Balancing the budget cold-turkey like this will mean an immediate cut of more than 40 per cent in federal outlays, a cut so large that the consequences would have to be immediate and drastic. Benefits like Social Security probably would not be paid in full and on time. Men and women in military service might miss a paycheck, too. Farm programs, highway construction, student loans and other federal outlays would dry up. Trade and transportation might be disrupted as customs and immigration workers are furloughed. Forget about all that stepped-up border security. If we really have to choose between defending against terrorists and defending against busboys and gardeners, the latter are going to make it into the United States.

Will failing to raise the debt ceiling automatically throw the country into default as the Treasury fails to meet its obligations? The administration says yes, raising the threat of financial Armageddon if the national credit rating is cut, which would be an immediate and unavoidable reaction to any default.

Default, however, would be a choice rather than a consequence if the debt ceiling stays where it is. The Treasury will still have ample money coming in to pay interest on government obligations as they are due. Maturing debt can be replaced with new debt. If nobody else will buy that debt, we can be pretty confident the Federal Reserve will. Credit rating agencies don’t care about any delay in Social Security payments.

Nobody wants any of these drastic things to happen. Even the Republicans who are calling for a balanced budget amendment are not calling for an instantly balanced budget.

But many in the GOP would be prepared to live with these consequences, even another severe recession, if it meant establishing long-term control over federal spending. For Democrats, on the other hand, failing to raise the debt ceiling and keep the federal money spigot open would be an unmitigated disaster. The poor, elderly and working class Americans that Democrats claim as their base would suffer the worst financial harm, and the party’s chance of keeping control of the White House and Senate next year would be virtually nil. Obama would go into next year’s campaign as a modern-day Herbert Hoover.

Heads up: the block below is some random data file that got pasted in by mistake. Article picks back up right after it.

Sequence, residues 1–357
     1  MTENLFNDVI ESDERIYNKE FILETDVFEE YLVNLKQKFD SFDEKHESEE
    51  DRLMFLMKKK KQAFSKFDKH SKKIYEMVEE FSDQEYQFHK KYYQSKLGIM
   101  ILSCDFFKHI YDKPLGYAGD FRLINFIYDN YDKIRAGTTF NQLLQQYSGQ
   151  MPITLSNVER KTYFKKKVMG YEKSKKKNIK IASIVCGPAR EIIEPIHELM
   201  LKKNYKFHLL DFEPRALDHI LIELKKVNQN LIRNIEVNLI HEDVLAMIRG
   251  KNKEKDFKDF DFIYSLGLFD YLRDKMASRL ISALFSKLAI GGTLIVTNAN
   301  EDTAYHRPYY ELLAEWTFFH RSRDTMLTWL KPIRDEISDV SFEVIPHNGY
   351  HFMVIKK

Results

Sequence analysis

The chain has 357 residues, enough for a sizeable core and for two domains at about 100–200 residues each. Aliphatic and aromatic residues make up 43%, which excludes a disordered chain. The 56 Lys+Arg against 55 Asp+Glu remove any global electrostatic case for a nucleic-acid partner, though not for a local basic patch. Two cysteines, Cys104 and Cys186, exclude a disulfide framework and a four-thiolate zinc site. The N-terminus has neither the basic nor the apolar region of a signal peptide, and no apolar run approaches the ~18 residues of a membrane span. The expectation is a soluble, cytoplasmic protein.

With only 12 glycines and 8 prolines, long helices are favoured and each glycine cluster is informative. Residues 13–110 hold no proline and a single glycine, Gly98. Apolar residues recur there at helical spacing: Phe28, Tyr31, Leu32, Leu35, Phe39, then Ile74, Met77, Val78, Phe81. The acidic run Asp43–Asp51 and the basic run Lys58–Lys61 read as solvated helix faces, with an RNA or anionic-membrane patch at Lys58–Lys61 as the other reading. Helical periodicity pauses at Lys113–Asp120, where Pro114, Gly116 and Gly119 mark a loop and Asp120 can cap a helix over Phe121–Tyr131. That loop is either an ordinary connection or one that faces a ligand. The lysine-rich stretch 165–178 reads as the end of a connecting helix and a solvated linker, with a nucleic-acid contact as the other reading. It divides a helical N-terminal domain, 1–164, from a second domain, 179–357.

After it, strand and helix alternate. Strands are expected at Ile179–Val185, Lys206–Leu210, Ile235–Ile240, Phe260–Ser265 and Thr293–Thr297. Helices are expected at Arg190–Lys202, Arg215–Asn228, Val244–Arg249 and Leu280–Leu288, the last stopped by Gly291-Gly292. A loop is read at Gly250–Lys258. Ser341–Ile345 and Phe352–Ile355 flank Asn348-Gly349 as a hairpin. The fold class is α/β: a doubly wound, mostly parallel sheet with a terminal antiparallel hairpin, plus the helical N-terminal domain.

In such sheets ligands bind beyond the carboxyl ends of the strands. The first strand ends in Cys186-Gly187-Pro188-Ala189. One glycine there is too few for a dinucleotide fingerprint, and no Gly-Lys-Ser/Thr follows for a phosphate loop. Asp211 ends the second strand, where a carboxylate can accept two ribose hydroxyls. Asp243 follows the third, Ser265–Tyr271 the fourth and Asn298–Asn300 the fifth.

So while both sides want a deal, only one side desperately needs one. When you have a weak hand, the only things you can do are bluff or fold. Right now Democrats are bluffing, saying, as the president did again over the weekend, that any agreement will have to include tax increases as well as significant spending cuts. Republicans, who have no need to bluff because they hold most of the good cards, are not buying it.

Obama and his allies will ultimately have to fold, as they did in December when the president agreed to extend all of the Bush-era tax cuts for two years despite opposition from many is his own party. I don’t think the final deal on the debt ceiling will include any broad-based tax increases. The only question is how long it will take, and how much damage will be done, before everyone lays their cards on the table.

For more articles on financial, business, and other topics, view the Palisades Hudson newsletter, Sentinel, or subscribe to my daily opinion column, Current Commentary.